I’ve cooked these 4 different ways and all were great: grill, broiler, skillet and baked. Versatile and quick cooking with fantastic taste and texture. They’re quite large, but because they’re so delicious you tend to eat the whole thing.
“This Old Bob” called the pork chops “absolutely fabulous” and told us how he cooked them:
The chops had beautiful marbling. I dry brined them with about 3/8 tsp. of kosher salt each for 1-1/2 hours. First I seasoned them with some ground pepper and seared them. Then I used your sous vide recipe at 145 degrees. Then seared them again for about 1-2 minutes. They needed nothing else. Absolutely some of the best chops we ever ate.
The Milanese cut comes from the end of the six-rib rack. The chine bone is removed, and the rib bone is left attached. This is a classic example of a butcher’s cut: one too irregular to be sold in the case. Just as tasty as the more perfectly formed chops from the middle of the rack, this chop often served the butcher’s family. It’s a customer favorite, and is often sold out because of that!
Tom in NJ likes our Berkshire Pork Milanese Chops:
I have been buying these from my local grocer for about 6 years now and I have never bought another pork chop from any place (Whole Foods, Fresh Direct, etc.) that matches the quality and utter delicious bacony, savory flavor these chops inherently have. We use a rub on them, its called “Char Crust” and the original is amazing with this chop as they both enhance each other’s flavor. Also grilled or cooked in a pan with some salt, pepper and garlic these are fantastic as well.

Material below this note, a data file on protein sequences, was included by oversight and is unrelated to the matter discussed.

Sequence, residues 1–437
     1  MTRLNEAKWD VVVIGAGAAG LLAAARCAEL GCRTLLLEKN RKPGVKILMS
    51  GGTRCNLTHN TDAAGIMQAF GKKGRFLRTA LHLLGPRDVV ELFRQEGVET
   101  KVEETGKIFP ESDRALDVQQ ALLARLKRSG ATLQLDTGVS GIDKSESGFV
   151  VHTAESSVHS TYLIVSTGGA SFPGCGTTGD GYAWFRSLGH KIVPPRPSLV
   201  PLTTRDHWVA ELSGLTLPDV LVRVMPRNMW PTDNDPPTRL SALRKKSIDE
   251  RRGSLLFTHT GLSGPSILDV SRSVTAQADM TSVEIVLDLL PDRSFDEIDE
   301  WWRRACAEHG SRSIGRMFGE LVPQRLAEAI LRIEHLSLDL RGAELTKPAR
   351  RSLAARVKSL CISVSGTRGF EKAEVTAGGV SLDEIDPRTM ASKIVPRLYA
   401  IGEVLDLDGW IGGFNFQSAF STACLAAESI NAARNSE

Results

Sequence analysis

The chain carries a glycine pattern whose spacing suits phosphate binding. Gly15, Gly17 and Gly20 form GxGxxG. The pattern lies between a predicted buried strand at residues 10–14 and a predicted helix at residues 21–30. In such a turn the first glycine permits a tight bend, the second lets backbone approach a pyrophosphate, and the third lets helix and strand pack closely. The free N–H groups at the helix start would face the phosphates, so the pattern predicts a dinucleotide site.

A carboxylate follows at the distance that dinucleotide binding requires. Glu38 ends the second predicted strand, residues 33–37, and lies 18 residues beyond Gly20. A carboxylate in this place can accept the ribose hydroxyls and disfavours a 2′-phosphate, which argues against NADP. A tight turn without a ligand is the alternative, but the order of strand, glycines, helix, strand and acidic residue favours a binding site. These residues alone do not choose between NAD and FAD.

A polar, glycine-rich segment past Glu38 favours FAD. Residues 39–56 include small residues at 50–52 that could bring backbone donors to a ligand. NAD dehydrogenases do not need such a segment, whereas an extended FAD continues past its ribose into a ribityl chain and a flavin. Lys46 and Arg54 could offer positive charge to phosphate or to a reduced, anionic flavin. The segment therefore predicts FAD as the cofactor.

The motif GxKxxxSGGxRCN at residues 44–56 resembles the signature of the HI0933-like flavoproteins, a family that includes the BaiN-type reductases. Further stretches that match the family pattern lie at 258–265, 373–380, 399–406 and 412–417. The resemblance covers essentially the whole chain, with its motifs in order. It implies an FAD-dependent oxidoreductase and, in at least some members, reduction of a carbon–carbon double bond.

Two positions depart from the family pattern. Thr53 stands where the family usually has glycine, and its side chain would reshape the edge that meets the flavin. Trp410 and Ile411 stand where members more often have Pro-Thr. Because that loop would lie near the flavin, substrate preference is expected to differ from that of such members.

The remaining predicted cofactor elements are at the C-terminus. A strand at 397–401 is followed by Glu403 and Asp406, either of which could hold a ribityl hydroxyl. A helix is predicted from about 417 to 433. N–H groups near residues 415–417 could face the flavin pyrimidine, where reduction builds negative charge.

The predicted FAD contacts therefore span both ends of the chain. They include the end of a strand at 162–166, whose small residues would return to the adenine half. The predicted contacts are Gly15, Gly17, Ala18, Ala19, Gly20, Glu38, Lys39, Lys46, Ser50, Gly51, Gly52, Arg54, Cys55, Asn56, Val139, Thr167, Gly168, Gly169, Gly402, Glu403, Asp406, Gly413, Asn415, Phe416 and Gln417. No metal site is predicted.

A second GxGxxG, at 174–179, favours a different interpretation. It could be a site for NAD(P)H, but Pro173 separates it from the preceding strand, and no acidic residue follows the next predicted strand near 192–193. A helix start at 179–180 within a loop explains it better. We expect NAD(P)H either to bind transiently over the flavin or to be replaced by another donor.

What the T-bone steak is to beef, the porterhouse chop is to pork. Chefs have known it for years, but the cut is not commonly available to the public. We’re changing that by offering this thick and impressive piece of pork to the home cook.
Marco in NY is a big fan:
This is without doubt the best pork that we have ever had period. We like to marinate it simply using salt, dried herbs, garlic & ground allspice. This accentuates the natural sweetness of the pork. The marinade is taken from Julia Child’s “Mastering the Art of French Cooking Vol. 1” that we have used since the 1970’s. When grilled over charcoal in the summer, a good rosé or rosato is our choice.
“CCN2” in VA tried two pork chops and loved them both:
I bought the porterhouse cut and NY strip. Beautiful cuts of pork. Very flavorful and delicious. Did not season with anything other then salt and pepper. I wanted to taste the true flavor of this premium pork. It did not disappoint.I had 3 meals from it, so hefty!I seared on top of stove and finished in the oven to 135 internal temperature. Perfecto!
These pork chops were only recently added to the Berkshire pork offerings at dartagnan.com.
This chop is center-cut from the rib section of the loin, and may very well be the perfect pork chop. The frenched bone (the baby back rib of BBQ fame) gives you something to hold onto, and makes for a lovely plate presentation.